in reply to: mating Royal mutes female neck all bloody #154023
    Swan Expert
    Keymaster

    Hi Bill

    We need more information to provide an adequate response:

    1. How did you separate the swans, i.e., did you remove her from the area and place her on another pond or lake?

    2. How long did you separate her?

    3. Do you have a garage, bathroom, barn or other safe area away from predators, objects that can be harmful and has ample ventilation?

    4. Are there predators in the area and is the male responsible for protecting her?

    We ask these questions, because the answers will determine what can be safely done to provide the female a rest from tthe male’s advances.

    If you have a safe area to hold a swan for a couple of days and the female swan is capable of protecting herself, then we would recommend the following:

    Capture the male swan and place him in a safe secure area free from predators or objects that can be harmful, i.e., a walk-in shower that can be barricaded, barn stall that can be closed and free from predators entering, digging or crawling over to access the swan. Provide the male with a clean bowl of food and water and hold him for 2 days. By capturing the male, his hormone levels will have a chance to cool off, the female can rest. If you remove the female, the male may claim “king of the mountain” and you may have a problem reintroducing her back into the habitat.

    If you cannot separate the swans, then the male is going to continue trying to mate until his hormone levels return to normal.This is going to place an undue stress on the female which can result in serious injury to her. We hope this information is beneficial. The Regal Swan

    in reply to: Baby swan on it’s back #154007
    Swan Expert
    Keymaster

    Hi Shanna

    No, this is not normal behavior unless the cygnet remained in this position for a matter of seconds prior to righting itself. When cygnets are taught to turn upside down with their necks under the water to reach sub-aquatic vegetation, they may flip over because they have not learned to properly balance themselves. However, the cygnets will right themselves immediately and assume a normal upright position in the water. If a cygnet cannot immediately upright itself, it could mean that the cygnet is too weak, suffering from an illness or neurological issue. Usually, the cygnet will not survive if it cannot assume balance. The Regal Swan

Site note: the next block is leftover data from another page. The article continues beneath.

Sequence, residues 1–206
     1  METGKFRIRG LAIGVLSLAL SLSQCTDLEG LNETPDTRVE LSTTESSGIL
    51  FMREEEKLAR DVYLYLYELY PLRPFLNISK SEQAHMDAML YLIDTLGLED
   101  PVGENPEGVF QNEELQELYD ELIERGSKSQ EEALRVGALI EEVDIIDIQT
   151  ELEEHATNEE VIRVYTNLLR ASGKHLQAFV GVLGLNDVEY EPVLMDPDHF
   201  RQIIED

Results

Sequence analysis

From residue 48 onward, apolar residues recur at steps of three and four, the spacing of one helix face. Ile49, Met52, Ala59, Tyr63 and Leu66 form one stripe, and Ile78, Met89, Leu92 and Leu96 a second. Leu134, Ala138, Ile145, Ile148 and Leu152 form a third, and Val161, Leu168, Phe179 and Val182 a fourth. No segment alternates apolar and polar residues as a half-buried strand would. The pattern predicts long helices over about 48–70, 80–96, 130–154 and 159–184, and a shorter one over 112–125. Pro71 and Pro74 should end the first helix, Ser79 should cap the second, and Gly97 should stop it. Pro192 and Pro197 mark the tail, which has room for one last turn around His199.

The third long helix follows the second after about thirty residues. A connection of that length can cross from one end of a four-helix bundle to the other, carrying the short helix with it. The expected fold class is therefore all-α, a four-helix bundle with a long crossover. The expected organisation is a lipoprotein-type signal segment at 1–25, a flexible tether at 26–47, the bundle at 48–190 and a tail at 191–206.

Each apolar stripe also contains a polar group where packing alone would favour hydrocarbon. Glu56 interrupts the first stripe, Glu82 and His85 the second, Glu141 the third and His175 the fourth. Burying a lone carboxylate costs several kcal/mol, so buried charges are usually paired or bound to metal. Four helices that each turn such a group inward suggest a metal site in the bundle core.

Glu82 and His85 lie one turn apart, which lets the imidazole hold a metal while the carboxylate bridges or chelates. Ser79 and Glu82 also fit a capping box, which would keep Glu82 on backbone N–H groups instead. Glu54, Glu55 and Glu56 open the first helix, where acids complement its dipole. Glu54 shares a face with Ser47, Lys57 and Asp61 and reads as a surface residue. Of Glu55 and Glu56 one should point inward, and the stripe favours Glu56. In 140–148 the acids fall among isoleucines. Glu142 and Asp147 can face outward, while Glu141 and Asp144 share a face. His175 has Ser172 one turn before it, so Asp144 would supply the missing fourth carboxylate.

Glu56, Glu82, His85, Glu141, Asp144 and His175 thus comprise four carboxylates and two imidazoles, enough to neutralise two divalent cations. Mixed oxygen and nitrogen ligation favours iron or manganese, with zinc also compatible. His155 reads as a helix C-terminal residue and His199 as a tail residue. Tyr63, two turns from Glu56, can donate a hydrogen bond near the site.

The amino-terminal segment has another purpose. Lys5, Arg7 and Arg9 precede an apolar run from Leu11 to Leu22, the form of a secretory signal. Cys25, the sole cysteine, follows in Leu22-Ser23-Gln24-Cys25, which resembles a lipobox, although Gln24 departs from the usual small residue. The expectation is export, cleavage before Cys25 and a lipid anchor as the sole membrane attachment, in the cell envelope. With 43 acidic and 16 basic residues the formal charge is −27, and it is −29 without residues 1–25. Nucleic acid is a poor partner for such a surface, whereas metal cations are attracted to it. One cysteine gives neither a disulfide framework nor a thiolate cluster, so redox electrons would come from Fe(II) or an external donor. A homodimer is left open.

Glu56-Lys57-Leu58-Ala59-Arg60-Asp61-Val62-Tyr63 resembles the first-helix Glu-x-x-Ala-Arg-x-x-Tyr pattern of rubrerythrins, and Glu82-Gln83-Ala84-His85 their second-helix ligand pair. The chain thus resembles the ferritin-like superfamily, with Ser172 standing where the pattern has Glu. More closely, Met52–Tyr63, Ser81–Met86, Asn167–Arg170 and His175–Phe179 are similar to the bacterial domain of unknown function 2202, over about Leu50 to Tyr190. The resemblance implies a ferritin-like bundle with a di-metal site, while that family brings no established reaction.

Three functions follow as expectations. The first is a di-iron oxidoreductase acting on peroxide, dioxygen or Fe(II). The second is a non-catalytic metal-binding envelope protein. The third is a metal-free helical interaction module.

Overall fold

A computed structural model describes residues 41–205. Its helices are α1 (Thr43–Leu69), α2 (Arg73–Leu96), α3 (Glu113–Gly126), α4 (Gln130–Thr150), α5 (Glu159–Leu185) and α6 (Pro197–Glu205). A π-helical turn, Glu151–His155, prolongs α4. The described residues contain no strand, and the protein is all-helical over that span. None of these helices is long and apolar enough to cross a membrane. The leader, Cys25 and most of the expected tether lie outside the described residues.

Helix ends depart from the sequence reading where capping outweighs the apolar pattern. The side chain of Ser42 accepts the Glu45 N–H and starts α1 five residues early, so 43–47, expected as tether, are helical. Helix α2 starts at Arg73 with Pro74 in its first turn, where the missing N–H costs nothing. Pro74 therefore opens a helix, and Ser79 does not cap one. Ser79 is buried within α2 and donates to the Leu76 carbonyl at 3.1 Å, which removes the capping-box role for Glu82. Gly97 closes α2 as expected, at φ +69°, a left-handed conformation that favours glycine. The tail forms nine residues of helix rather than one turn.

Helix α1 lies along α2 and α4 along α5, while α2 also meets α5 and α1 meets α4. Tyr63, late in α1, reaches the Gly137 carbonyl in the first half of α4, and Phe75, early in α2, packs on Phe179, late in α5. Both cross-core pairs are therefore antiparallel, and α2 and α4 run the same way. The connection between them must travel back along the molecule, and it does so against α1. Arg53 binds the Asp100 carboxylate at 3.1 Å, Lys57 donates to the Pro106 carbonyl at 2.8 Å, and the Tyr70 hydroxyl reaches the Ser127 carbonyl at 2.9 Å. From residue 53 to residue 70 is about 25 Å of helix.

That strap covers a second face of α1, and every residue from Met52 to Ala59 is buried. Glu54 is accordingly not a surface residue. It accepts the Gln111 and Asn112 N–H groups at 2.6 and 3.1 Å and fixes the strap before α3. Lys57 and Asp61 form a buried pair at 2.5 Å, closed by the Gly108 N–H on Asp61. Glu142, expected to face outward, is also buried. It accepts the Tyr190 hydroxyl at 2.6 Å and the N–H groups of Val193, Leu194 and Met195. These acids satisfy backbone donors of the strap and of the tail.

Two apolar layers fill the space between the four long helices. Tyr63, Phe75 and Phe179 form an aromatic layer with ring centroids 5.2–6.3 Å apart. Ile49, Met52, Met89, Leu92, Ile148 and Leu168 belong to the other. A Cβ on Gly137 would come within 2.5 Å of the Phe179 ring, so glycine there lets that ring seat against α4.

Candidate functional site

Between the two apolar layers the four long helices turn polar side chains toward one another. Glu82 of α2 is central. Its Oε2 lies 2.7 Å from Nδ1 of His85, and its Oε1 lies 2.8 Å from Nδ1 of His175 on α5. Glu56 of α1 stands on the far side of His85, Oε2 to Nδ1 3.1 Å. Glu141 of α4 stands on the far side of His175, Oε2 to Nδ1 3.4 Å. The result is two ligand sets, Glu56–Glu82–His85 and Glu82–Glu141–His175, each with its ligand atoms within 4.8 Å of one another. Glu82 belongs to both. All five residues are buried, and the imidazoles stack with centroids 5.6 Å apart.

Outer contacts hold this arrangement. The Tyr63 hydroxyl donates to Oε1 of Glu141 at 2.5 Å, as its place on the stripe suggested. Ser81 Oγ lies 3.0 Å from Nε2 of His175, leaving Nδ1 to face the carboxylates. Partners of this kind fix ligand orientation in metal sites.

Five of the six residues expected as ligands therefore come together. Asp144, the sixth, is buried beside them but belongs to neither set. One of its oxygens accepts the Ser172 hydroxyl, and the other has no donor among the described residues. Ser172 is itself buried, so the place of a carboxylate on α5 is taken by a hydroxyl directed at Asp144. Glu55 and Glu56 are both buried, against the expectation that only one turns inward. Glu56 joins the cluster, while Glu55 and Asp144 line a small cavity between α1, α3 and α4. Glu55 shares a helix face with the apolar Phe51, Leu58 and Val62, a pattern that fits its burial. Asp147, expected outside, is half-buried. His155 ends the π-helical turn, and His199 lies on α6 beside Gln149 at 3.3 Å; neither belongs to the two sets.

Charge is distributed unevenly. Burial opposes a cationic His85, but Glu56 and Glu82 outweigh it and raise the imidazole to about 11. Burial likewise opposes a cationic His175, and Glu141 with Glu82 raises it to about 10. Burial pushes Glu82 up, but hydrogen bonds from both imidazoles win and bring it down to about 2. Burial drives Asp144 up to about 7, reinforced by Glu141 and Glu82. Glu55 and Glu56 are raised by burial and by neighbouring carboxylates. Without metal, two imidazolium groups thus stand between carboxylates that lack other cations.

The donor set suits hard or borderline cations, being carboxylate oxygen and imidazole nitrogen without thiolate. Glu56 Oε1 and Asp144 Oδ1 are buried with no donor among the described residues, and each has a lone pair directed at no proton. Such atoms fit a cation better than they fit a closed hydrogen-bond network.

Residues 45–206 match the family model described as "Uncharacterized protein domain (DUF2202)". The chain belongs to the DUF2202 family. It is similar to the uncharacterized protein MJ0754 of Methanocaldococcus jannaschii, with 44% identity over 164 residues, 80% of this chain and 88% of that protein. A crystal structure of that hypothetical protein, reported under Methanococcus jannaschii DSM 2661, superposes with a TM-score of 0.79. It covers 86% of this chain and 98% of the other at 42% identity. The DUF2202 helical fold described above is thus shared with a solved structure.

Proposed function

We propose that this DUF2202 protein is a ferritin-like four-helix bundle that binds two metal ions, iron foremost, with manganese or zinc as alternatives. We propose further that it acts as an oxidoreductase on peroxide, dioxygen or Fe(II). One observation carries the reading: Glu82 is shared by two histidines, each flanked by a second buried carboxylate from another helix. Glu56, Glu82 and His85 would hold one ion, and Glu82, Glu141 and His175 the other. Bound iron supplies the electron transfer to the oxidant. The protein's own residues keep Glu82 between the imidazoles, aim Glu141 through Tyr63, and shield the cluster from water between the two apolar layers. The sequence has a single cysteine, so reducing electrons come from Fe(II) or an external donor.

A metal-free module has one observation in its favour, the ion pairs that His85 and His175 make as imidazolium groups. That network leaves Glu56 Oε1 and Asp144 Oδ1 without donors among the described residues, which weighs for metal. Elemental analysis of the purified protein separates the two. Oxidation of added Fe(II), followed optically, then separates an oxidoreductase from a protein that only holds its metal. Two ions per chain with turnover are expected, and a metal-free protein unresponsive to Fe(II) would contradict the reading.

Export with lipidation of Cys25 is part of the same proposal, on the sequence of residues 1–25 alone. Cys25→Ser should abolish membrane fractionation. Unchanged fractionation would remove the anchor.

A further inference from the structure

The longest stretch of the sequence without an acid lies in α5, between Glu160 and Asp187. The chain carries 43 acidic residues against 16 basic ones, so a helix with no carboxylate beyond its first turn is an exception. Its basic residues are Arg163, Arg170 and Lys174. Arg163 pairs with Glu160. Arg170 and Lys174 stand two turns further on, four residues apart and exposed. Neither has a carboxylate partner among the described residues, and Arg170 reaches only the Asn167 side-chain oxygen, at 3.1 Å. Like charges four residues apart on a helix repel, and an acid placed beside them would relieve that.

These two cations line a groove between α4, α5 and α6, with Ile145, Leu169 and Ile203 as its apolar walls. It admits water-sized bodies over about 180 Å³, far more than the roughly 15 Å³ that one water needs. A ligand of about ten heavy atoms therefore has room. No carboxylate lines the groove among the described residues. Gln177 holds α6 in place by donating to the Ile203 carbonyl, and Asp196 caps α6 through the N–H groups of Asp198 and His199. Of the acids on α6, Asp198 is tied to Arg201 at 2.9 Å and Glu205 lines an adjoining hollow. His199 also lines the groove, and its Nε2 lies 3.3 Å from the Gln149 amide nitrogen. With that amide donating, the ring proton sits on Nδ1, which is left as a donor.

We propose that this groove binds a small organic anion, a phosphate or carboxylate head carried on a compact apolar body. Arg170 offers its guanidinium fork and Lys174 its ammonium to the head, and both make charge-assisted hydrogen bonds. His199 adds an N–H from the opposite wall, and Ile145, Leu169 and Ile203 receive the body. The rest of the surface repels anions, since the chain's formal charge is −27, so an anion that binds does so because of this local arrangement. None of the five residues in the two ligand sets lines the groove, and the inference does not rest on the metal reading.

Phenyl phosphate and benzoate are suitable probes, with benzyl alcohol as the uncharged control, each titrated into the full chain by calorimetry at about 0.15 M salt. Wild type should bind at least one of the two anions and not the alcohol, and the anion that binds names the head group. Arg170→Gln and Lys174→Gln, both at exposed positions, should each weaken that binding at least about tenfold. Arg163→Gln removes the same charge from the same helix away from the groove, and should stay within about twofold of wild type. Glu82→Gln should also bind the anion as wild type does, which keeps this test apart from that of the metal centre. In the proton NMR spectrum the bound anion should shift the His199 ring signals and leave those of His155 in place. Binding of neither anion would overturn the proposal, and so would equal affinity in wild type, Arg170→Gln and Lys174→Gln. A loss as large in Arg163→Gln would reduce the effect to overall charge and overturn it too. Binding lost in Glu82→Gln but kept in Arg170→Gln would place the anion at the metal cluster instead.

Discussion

in reply to: Juvenile Tundra Swan has lost its parents. #149592
    Swan Expert
    Keymaster

    Hi David

    The young swan may have been chased by his parents which usually happens once the juveniles get older, may have gotten lost from the rest of the flock during the winter migration to your location, or is using your site as a stopover until it leaves to rejoin his flock. If there are other swans in your area, it means that there is ample food resources for the swans until they leave in the spring. The Mute Swans will teach him where to find food. Since he is a juvenile, he is probably leery of people. Once he figures out the other swans are getting fed by you, he will probably get smart enough to realize he also wants more food. It just make take some time. As long as your pond/lake does not freeze over, he should be able to find food and will be fine. Thanks for caring for the swans. The Regal Swan

Viewing 15 posts - 1 through 15 (of 95 total)